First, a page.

Swaddling Our Newborns

ergobaby-swaddler-lightweight-lilacLots of parents often ask about swaddling and many are not sure of either the best way to do it, or even why they should be doing it in the first place. Some parents have tried it previously and have many reasons why they didn’t stick to it- the baby hated to be swaddled; the swaddle never stayed put anyway; I want her arms free so she can self soothe… There are lots of reasons why many parents choose not to swaddle their newborn babies, but far greater reasons why you should! Here are just a few:

  • Safer sleeping. Studies have found that newborn babies who are swaddled and placed on their backs in the crib are less likely to pull covers over the head. Swaddling also makes it harder for babies to turn over onto their fronts, thus further lessening the risk of suffocation. Once your baby can roll onto the front you must stop swaddling, but until then it can help to decrease the chances of Sudden Infant Death Syndrome.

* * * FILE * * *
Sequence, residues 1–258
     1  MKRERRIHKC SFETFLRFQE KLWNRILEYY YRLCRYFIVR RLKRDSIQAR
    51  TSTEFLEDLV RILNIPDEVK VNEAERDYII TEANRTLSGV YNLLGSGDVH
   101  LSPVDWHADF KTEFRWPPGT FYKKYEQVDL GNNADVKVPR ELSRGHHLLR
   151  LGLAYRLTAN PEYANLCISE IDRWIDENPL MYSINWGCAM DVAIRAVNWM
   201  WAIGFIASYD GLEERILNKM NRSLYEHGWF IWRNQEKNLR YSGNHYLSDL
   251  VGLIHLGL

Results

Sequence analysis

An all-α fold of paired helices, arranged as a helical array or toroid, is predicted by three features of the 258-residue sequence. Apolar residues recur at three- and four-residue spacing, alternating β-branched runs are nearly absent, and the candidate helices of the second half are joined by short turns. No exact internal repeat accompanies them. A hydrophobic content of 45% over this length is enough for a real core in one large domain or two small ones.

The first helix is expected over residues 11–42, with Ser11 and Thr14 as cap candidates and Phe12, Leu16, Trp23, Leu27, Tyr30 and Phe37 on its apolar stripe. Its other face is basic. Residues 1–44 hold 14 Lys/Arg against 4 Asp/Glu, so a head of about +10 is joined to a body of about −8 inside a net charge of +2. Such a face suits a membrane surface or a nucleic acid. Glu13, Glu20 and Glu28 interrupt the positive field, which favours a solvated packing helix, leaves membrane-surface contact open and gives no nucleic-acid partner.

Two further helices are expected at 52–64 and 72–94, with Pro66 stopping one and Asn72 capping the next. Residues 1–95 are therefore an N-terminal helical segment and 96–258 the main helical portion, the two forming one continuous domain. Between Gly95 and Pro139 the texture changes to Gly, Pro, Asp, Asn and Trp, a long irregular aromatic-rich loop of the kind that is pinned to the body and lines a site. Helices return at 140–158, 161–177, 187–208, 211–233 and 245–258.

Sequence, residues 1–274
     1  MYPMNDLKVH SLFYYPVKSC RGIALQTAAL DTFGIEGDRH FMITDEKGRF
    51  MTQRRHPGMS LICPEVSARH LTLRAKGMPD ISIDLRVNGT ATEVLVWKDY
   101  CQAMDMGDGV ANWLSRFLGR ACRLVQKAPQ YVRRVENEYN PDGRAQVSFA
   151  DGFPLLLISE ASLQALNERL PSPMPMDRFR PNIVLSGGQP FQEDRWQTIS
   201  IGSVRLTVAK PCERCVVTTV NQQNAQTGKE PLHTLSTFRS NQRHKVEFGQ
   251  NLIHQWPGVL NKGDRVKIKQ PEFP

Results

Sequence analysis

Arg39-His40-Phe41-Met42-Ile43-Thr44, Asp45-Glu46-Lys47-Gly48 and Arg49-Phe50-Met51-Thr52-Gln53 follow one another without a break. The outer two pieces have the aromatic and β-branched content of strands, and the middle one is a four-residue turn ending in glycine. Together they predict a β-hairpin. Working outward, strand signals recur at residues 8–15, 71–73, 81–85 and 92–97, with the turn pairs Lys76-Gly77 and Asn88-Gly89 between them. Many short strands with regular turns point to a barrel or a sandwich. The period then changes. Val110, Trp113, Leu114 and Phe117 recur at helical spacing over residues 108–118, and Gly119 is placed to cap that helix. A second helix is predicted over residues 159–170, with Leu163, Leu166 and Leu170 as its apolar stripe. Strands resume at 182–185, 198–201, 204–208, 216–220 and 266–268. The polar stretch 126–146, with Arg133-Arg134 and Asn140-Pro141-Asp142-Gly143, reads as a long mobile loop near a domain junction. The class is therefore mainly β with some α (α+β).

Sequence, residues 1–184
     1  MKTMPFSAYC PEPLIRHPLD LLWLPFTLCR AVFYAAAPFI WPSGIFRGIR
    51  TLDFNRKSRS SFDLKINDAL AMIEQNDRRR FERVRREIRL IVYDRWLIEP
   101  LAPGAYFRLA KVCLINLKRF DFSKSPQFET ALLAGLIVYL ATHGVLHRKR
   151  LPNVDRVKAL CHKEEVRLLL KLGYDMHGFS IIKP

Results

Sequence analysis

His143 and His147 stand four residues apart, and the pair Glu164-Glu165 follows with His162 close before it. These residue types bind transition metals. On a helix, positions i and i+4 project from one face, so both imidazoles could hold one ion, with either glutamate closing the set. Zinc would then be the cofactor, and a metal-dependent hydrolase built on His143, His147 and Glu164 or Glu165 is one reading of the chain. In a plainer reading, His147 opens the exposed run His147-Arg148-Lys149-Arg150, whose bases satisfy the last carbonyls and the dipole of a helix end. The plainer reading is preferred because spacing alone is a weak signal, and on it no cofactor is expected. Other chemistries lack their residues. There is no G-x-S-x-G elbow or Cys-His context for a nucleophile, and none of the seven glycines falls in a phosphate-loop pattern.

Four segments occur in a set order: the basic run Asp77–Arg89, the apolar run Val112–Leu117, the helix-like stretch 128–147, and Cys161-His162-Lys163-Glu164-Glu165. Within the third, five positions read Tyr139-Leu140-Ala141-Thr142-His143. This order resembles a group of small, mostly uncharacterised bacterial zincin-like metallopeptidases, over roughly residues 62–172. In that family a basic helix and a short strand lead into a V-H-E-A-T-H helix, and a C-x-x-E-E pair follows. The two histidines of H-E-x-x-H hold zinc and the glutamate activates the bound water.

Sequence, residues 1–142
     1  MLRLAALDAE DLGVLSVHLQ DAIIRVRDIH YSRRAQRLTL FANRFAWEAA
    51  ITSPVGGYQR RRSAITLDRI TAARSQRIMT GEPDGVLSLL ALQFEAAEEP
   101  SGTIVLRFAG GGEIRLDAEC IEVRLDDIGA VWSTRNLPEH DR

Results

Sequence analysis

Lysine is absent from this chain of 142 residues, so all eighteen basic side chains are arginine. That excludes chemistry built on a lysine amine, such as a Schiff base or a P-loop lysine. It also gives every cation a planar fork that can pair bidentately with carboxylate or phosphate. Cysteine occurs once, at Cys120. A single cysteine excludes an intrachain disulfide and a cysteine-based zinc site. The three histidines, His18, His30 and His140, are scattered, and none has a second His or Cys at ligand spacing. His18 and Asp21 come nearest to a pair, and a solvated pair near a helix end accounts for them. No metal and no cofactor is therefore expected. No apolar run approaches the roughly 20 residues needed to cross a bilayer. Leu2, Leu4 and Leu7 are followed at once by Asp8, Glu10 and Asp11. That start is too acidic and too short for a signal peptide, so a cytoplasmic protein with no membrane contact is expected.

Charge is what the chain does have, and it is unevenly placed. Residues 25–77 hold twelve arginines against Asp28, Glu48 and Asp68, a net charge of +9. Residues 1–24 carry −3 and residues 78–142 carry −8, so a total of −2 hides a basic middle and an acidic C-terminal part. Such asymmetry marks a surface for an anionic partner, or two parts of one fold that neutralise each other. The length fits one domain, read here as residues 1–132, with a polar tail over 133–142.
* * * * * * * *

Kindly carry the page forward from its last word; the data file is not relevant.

• It is soothing. There is a theory about the fourth trimester, which believes that babies are actually born three months too soon. This means that the more we can replicate conditions as they were in utero, the more we are able to soothe our newborns. Being swaddled can help newborn babies to feel safe and secure and therefore they are less likely to cry and more likely to sleep better.
  • It controls the startle reflex. Some babies can actually wake themselves this way and if you’ve ever witnessed it, you can see why! Being swaddled helps to control the startle, or Moro, reflex and thus further aiding better sleep. Preventing your newborn from moving her arms and legs involuntarily also helps to improve motor skills in general.
  • Babies cry less when swaddled. And why wouldn’t they? They’re feeling safe, secure and soothed in their little cocoon, so why would they cry unless they need something?
  • Swaddling is great for infant reflux. Babies with infant reflux respond well because the swaddle holds the body in a position that helps to prevent acid travelling back up the oesophagus. It also helps to soothe, as already discussed.
Rebecca Michi

Rebecca Michi

Rebecca Michi is a British born and trained children’s sleep consultant based in Seattle. Rebecca is passionate about helping children and their parents build healthy habits so they can finally get some sleep. Rebecca uses many different gentle sleep training techniques, and never uses cry-it-out. For more information or consultations, find her at her website.

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March 12, 2014
April 3, 2014